At the most highly contaminated US nuclear site, redundancy notices went out on March 18 to nearly 250 workers. More than 2500 others were notified they faced temporary layoffs of several weeks. About 9000 people work at Washington State's Hanford Nuclear Reservation, which produced plutonium for US nuclear weapons during World War II and the Cold War. Contractors are cleaning up the highly contaminated site and removing millions of gallons of radioactive waste for treatment at a plant now under construction.
It is one of the most bitter ironies of this century so far that a war carried out as part of the so-called war on terror turned out to be one of history’s worst acts of terror. US NGO Just Foreign Policy estimates that more than 1,450,000 Iraqis have died since the US-led invasion 10 years ago. That is a death rate of about one in every 17 or 18 Iraqis. The Iraq genocide — as we could easily call it — claimed more lives than the Rwandan genocide.
A selection of the past fortnight's celebrity news... John Farnham voted Australia’s best singer of all time - who didn't make the cut but should have? http://bit.ly/11e6w7d Blood On The Dancefloor Discuss Jesus And Rape Alegations In New Song http://bit.ly/14IaDvA Marilyn Manson The New Face Of Saint Laurent http://bit.ly/16qMcAT Justin Bieber's Pet Monkey Seized By German Customs http://bit.ly/XRqjFe Boston Police Posing As 'Punks' Online To Get Information And Shut Down House Shows http://bit.ly/16pC0Zt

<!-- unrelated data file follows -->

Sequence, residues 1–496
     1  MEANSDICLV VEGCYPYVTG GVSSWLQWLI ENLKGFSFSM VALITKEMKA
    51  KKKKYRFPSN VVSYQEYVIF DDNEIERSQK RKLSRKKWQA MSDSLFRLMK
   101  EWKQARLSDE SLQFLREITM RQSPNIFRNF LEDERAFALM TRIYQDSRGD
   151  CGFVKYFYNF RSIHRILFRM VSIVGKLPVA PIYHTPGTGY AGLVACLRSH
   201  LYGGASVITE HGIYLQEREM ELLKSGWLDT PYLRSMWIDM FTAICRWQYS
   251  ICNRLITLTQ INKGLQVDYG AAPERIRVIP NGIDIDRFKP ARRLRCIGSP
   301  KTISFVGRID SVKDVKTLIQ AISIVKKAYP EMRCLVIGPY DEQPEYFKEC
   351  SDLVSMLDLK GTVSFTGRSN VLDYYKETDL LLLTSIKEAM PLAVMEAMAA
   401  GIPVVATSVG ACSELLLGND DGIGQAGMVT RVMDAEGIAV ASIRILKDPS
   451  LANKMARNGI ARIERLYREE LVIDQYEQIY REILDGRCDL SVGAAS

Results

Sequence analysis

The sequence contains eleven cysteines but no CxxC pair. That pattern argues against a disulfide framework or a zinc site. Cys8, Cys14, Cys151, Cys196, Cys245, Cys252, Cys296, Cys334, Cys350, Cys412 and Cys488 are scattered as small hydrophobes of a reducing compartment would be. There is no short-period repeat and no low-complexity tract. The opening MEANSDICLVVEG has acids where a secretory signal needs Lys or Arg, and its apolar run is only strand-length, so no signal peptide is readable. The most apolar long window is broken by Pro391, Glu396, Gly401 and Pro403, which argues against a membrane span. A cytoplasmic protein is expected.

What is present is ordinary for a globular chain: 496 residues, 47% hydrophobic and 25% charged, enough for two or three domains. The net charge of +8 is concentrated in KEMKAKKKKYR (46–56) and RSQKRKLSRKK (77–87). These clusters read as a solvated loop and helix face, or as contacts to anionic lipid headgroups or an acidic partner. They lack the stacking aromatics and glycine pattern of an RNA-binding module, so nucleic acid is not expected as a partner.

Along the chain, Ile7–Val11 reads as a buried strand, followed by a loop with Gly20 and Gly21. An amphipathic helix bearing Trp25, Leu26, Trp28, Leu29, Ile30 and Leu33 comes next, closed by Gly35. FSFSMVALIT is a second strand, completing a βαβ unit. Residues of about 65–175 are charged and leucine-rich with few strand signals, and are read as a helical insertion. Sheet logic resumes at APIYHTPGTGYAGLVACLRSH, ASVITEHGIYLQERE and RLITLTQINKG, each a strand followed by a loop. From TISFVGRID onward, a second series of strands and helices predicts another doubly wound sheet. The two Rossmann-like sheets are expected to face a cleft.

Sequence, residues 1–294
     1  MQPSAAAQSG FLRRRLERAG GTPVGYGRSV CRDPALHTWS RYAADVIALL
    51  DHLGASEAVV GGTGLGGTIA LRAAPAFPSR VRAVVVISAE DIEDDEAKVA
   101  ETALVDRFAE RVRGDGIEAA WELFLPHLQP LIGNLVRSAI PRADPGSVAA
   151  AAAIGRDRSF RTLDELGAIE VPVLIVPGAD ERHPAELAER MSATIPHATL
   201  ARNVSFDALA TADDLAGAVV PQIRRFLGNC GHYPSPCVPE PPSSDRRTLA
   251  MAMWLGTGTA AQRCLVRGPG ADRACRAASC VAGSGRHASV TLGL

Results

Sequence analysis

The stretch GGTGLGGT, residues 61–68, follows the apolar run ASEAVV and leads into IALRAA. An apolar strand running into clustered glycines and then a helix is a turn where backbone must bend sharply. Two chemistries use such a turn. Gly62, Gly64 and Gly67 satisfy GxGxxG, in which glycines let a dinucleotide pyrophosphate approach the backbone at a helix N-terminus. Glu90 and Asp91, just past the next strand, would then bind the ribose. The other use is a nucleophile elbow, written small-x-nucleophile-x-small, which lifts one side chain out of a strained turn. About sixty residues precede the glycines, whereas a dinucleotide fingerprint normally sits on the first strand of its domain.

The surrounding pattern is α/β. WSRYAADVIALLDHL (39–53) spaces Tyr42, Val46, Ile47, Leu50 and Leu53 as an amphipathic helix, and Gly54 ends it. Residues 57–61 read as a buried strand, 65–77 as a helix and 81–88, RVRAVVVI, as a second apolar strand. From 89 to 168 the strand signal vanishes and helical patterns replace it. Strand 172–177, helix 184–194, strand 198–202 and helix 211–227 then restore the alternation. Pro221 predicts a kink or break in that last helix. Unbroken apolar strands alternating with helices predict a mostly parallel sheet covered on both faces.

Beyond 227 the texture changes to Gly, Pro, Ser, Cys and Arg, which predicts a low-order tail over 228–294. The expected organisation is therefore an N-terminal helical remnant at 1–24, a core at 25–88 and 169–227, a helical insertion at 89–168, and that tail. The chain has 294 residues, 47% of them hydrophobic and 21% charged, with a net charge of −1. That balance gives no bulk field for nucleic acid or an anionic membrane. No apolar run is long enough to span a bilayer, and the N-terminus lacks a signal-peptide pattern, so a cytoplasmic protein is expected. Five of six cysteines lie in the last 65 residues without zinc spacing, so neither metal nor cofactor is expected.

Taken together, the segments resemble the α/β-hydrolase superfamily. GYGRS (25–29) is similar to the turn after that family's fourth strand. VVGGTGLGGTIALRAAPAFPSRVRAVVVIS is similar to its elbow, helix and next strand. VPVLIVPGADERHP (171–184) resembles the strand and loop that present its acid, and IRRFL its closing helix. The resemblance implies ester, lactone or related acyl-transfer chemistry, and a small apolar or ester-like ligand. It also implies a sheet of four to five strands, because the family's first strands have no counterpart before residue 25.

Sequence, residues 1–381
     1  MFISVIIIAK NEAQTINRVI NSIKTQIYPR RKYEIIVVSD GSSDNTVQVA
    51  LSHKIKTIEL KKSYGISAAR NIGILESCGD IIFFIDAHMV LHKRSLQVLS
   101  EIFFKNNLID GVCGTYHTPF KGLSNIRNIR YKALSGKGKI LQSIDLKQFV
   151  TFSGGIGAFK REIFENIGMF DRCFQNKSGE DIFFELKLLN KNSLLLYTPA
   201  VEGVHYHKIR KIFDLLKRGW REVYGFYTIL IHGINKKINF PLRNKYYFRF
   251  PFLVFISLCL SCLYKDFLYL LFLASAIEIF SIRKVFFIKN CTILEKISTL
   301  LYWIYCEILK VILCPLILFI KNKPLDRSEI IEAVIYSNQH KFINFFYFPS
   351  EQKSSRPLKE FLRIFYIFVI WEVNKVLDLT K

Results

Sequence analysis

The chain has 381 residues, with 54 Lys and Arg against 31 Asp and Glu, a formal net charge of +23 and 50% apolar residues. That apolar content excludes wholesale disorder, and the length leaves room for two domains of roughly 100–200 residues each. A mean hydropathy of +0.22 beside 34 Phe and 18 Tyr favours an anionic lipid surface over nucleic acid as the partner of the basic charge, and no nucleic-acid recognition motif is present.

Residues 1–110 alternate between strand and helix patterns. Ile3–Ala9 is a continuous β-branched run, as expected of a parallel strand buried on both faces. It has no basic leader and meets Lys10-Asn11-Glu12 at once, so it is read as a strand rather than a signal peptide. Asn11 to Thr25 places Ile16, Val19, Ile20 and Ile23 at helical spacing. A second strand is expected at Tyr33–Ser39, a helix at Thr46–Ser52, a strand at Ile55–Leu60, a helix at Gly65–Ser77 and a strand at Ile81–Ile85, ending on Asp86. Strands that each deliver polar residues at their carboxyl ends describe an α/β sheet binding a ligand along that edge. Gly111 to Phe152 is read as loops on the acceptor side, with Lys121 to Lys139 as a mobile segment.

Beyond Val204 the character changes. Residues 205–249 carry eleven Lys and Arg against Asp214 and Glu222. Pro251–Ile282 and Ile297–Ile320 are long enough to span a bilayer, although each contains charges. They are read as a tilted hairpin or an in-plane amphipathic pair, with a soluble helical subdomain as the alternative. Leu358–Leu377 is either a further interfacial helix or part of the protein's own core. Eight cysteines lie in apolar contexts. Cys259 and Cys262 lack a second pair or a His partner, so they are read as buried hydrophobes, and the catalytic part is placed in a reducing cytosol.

Efforts And Means Astpai Jump Start Records, 2012 www.astpai.org Austrian hardcore punks Astpai jack up heavy slabs of guitar with speeding snares and leering lyrics. They serve up a rare and biting musical take on Austrian politics. Green Left’s Mat Ward spoke to frontman Manfred Herzog, also known as Zock. ***
The Price of Valour: The Triumph & Tragedy of a Gallipoli Hero, Hugo Throssell, VC John Hamilton Pan Macmillan, 2012 393 pages, $34.99 (pb) Captain Hugo Throssell, one of nine Australian soldiers to win a Victoria Cross for supreme bravery at Gallipoli in 1915, stunned his home-town audience of patriotic Australians in 1919 with his statement that “the war has made me a socialist”.
The Managed Heart, Commercialization of Human Feeling Arlie Russell Hochschild University of California Press, 2012 339pp, $39.95 Forcing front line staff to engage at a “personal level” with customers has been an increasingly obnoxious part of low paid workers’ employment. To obscure the all-pervasive low quality of the “food” and “services” that capitalism offers, what is sold now is the “experience” of social interaction. Key to the Happy Meal is the “happy sale”.
The mining companies’ best friend in the federal Labor government, former resources minister Martin Ferguson, supported a Kevin Rudd comeback and fell on his sword after the Labor leadership spill-that-wasn't. Ferguson said he was resigning from cabinet and retreating to the backbench on March 22. He said: “The class-war rhetoric that started with the mining dispute of 2010 must cease. It is doing the Labor party no good." He appealed for Labor to "govern for all Australians" like the Hawke and Keating governments supposedly did.